“Burning a Book” is a poem about taking risks—specifically, taking risks in writing. Stafford has always admired, and practiced in his own writing, the quixotic approach of plunging into the unknown. He maintains that no subject, as long as it involves the heart and intuition of the writer, is too small to write about. As Stafford himself says, “[L]ike Don Quixote you must expect some disasters. You must write your bad poems.” (Perhaps one must write some poems worthy of nothing better than “burning.”) Not to write intuitively, on impulse, is “to guarantee that you will not find the unknown, the risky.”
Following a creative impulse may lead to something worthwhile or it may lead to windmills in the sky, but one thing is certain in the poem: Neither truth nor lies will be found without the attempt. Stafford’s sense of irony admits that “Truth, brittle and faint, burns easily,/ its fire as hot as the fire lies make,” and his wisdom says that if neither is accessible, there is no way to distinguish between truth and lies.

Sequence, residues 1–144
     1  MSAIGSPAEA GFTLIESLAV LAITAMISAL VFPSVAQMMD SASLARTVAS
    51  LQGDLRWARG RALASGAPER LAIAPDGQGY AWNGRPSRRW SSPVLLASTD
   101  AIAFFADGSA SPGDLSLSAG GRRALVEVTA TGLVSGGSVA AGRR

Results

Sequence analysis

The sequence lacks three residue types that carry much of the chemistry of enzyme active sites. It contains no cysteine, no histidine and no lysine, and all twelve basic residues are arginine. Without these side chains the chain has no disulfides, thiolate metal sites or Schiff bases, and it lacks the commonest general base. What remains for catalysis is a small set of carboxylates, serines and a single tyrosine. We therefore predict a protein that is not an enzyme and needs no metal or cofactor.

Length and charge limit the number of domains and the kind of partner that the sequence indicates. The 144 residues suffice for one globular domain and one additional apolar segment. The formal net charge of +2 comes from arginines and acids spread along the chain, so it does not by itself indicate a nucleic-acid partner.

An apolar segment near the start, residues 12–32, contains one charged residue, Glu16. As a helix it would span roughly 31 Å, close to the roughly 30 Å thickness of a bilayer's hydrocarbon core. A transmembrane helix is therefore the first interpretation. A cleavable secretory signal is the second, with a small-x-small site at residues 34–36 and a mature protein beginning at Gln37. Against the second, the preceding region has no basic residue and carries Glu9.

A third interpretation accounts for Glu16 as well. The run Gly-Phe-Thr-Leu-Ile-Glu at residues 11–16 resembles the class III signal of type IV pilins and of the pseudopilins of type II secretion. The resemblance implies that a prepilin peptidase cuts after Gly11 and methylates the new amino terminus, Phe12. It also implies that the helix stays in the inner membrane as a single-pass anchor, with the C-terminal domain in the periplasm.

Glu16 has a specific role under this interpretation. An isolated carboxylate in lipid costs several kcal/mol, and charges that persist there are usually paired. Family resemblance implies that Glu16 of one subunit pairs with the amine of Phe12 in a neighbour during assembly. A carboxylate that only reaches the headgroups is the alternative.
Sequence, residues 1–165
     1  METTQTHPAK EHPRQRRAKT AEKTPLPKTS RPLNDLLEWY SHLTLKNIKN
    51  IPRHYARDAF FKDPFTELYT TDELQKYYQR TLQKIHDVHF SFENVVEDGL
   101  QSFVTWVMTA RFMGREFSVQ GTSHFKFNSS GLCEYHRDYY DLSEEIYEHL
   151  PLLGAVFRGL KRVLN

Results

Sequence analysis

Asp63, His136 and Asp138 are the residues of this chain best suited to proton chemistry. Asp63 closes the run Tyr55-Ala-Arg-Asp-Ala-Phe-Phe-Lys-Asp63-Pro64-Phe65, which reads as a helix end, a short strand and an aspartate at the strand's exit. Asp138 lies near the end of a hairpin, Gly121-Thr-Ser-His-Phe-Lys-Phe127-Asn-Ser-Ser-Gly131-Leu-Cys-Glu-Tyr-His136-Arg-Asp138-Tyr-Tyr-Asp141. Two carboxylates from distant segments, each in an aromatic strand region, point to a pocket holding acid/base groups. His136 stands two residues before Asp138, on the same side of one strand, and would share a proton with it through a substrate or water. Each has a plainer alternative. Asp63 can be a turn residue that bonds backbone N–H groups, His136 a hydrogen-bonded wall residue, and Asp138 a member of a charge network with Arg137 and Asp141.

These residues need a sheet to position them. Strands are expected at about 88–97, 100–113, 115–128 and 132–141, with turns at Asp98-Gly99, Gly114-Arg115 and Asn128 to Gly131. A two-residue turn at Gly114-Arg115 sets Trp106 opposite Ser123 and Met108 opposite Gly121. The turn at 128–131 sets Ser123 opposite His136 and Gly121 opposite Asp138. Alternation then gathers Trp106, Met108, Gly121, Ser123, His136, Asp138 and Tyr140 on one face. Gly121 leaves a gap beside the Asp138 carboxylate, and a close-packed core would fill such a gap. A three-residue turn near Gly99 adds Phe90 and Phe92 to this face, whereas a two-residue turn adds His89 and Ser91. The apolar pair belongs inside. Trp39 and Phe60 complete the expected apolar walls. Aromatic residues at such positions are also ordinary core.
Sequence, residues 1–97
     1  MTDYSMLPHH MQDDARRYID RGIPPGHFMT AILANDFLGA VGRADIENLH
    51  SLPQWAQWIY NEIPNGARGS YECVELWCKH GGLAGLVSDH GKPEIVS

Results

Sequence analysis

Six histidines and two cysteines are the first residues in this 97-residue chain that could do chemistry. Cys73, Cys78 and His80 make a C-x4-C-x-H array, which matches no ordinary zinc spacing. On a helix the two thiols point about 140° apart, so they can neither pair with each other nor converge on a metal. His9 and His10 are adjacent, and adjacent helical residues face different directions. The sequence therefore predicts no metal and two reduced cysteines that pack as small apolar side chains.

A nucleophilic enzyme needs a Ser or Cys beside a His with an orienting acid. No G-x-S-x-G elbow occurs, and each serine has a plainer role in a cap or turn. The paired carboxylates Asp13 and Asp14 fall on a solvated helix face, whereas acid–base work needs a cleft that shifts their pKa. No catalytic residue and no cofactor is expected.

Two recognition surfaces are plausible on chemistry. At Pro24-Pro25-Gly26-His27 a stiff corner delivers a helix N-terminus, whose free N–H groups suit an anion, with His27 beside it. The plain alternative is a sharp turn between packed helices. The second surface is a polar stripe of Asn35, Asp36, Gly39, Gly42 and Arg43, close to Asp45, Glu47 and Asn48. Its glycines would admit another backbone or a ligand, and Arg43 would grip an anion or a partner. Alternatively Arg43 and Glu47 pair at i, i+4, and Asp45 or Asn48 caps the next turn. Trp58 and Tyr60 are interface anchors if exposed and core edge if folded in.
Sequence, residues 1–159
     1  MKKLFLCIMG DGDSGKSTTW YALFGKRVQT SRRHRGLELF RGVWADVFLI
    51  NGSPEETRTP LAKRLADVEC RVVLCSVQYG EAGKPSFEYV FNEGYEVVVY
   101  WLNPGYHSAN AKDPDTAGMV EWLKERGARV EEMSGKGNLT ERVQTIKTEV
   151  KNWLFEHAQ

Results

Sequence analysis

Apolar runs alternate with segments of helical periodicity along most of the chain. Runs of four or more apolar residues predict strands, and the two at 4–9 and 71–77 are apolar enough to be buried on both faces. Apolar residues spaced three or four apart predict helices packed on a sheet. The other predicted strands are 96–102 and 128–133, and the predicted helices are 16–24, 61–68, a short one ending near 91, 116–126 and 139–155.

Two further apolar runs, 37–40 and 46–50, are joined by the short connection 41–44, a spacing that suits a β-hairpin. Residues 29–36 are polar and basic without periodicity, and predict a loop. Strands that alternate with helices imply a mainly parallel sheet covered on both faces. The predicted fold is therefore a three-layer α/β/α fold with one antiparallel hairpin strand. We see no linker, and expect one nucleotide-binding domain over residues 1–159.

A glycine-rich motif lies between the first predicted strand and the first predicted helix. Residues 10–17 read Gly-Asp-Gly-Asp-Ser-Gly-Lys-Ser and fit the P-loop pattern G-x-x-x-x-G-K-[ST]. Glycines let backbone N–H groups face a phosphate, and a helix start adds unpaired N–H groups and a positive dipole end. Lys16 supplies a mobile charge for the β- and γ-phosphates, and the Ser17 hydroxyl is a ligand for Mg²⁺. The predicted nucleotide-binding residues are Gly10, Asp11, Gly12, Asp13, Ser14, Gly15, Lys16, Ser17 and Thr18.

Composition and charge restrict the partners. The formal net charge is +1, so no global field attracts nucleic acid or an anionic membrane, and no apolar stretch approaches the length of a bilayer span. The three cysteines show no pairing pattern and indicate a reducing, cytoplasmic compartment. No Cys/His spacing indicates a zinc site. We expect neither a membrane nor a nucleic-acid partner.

Although book burning is conventionally associated with ignorance, in his usual attitude of openness to both sides of an issue, Stafford observes that, ironically, ignorance dances equally well in the absence of fire. He takes a wry look at the whole concept. Where there are books being burned, there is something with which to disagree; there is knowledge, however faulty. To be judged unworthy, a book...
(The entire section is 423 words.)